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Canon Derek Brown who was Rector of St. Faith's from 1969 until 2000 passed away peacefully at the Springfield Nursing Home in Emsworth on 22 July 2009.
...
Eulogies were given by Canon Brown's nephew - Derek Brown - and by Penny Moss a former Mayor of Havant.
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An interview Fr Brown gave to Jacki Gould in 2003 for the magazine Anglican Society for the Welfare of Animals for a story of a man who has always been accompanied by a dog - not from choice in one case! - is published as a tribute to a man who loved dogs. It was first published with Father Brown's permission in the July 2006 edition of "Faith Matters".
...
A quarter peal was rung on 7 August when 1260 plain bob triples were rung half muffled to the memory of Canon Derek Brown, aged 81, whose funeral took place at St. Joseph's Catholic Church. Canon Brown was a good friend to the ringers at St. Faith's where he was for 31 years Rector until October 2000.
The Reverend Canon Derek Frederick Brown RIP
The contribution to St Faith's of Father Brown in the 20 th Century was remarkable by any standards. We have very few facts about his early life and I can only assemble an outline of it from the various anecdotes he told me over the years.
The facts are that he was born and brought up in Dover with his mother and elder brother. He told me once that his mother had been a governess at Buckingham Palace and that King Edward VIII had visited her in Dover before going to Portsmouth to board the destroyer which took him to exile in France. Father remained a staunch royalist all his life. He started work during the Second World War at the age of 15 as a clerk employed in Whitehall by the Egyptian Government. Although underage, he joined the Home Guard and used to take his rifle back each night to his lodgings in London
In about 1945, he was called up and joined the RAF at Padgate, near Warrington, where I also started my national service in 1952. He met a girl who invited the young recruit to her home for dinner. To his horror, he discovered that her father was an Air Commodore who very kindly drove him back to Padgate in his RAF car which flew a pennant.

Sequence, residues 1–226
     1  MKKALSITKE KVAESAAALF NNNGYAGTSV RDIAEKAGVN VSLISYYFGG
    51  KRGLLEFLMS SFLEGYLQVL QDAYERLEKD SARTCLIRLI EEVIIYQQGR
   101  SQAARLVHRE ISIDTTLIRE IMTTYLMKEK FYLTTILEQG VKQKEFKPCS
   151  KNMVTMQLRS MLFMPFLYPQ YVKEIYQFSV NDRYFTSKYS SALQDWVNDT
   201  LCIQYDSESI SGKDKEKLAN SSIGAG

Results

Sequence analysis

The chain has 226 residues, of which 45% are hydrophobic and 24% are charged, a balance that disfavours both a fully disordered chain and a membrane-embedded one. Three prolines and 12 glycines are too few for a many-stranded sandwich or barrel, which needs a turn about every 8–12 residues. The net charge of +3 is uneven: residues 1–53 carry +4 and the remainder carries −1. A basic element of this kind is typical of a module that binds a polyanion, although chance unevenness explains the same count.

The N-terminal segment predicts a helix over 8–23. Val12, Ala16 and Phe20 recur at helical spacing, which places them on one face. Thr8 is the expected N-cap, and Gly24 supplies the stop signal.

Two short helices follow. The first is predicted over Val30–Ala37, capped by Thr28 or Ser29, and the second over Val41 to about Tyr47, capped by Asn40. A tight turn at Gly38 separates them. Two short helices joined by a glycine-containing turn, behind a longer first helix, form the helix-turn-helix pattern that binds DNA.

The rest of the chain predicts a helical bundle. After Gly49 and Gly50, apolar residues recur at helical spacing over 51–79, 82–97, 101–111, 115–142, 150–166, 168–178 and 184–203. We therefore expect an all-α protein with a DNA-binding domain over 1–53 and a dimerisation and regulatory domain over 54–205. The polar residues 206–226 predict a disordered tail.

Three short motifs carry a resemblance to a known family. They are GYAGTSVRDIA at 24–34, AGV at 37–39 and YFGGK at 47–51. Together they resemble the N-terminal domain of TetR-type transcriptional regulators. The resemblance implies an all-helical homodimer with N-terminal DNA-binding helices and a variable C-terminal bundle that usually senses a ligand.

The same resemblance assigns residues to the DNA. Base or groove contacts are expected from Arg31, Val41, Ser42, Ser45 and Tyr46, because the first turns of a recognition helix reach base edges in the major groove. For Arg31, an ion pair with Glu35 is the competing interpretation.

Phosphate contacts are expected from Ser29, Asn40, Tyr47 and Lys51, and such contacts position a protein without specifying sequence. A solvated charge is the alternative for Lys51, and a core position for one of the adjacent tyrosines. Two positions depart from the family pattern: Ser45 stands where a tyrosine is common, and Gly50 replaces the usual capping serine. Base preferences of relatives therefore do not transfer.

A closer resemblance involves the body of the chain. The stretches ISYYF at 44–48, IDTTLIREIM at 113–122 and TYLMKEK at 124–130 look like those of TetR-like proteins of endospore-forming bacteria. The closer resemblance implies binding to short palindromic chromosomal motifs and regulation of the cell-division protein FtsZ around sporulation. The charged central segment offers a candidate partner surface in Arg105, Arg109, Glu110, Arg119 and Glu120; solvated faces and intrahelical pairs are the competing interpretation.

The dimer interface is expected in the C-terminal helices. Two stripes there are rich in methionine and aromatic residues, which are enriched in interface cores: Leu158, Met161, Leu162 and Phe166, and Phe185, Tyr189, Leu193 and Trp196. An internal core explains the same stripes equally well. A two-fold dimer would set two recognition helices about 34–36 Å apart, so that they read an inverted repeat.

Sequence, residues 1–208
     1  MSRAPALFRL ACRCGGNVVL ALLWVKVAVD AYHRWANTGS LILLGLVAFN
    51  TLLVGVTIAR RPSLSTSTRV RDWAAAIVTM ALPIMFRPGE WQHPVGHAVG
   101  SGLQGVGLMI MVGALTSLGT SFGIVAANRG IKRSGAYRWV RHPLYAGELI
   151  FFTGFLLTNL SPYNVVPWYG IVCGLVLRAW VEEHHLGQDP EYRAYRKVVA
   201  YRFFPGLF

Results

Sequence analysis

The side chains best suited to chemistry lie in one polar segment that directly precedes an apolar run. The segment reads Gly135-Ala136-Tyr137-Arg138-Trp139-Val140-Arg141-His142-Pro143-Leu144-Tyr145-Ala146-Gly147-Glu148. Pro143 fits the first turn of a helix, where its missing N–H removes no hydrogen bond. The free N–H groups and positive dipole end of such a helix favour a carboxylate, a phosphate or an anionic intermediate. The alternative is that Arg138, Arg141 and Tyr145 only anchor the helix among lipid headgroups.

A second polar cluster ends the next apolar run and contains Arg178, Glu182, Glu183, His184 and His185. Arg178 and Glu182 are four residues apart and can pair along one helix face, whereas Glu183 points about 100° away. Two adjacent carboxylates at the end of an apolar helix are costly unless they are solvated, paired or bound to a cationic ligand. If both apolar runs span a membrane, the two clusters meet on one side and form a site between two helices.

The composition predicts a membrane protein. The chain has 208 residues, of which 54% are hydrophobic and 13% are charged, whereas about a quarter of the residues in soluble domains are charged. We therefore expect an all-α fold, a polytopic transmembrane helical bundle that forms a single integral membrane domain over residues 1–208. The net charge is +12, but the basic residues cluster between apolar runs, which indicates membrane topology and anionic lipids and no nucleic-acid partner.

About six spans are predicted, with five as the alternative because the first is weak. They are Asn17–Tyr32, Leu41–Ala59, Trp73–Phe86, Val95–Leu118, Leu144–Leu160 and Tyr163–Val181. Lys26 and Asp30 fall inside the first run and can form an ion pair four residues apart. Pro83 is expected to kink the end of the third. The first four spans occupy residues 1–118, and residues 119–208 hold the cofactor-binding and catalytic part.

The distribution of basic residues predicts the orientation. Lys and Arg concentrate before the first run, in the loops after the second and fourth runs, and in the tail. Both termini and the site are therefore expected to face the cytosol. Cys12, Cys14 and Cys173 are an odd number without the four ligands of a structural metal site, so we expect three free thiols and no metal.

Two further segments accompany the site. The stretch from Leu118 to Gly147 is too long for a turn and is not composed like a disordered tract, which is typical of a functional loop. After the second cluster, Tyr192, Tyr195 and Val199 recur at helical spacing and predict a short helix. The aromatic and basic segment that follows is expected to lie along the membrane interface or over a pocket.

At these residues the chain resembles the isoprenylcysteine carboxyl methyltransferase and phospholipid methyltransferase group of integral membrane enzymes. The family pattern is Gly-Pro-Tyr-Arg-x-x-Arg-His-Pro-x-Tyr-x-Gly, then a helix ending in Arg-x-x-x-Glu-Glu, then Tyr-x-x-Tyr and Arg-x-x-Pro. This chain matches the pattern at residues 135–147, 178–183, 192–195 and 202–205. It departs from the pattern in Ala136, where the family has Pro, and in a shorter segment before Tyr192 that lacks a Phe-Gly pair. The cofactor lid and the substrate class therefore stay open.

...
Father Brown's return to England attracted radio and newspaper headlines in Australia because his brother and sister-in-law in England had committed suicide leaving a young son, also named Derek. Father returned to take care of his nephew and became Rector of Deptford in a tough part of East London. He soon became a force in the district, winning the respect of the local criminals and setting up one of the first hostels for young drug addicts. He also set up a refuge in the crypt of St Paul's Deptford which was formally opened by Princess Margaret. She paid several visits and to Father's amusement a famous Fleet Street diarist, Nigel Dempsey, suggested in his column that there was a romantic link between them. (I think Father was quite flattered!) At this time, Father served on a Home Office Committee looking at drug addiction in the East End. Two young priests he trained at Deptford were Father Owen Beament and Father Dudley Gummer who remained his lifelong friends and admirers.
In 1969, Father Brown came to St Faith's to succeed Canon Ralph Bassett as Rector.
...
His great friend, Father Tom Grufferty of St Joseph's once said at a Remembrance Day service, "I cannot imagine Havant without Father Brown.
...
Our love and thoughts are with Dominic and Becky James, who Father helped bring up, and, of course, his nephew Derek, the boy who brought him back from Australia.
...
Canon Derek Brown - The Priest Who Loves All Creatures Great and Small and Especially Dogs
When the air raids on London began in the forties the National Air Raid Precautions for Animals Committee (NARPAC) was set up to rescue and care for the animal victims of the Blitz. One of NARPAC's members was Derek's mother who was also in the WVS and responsible for rehousing and blanket distribution for families who had been made homeless in Deptford. Derek was 13 when bereaved pets were brought to his home to be cared for until they could be rehoused. Having been in the Home Guard from the age of 14, he joined the RAFVR and served in the Far East. Whilst in India he befriended a "pariah" dog and found the cruelty to animals heartbreaking.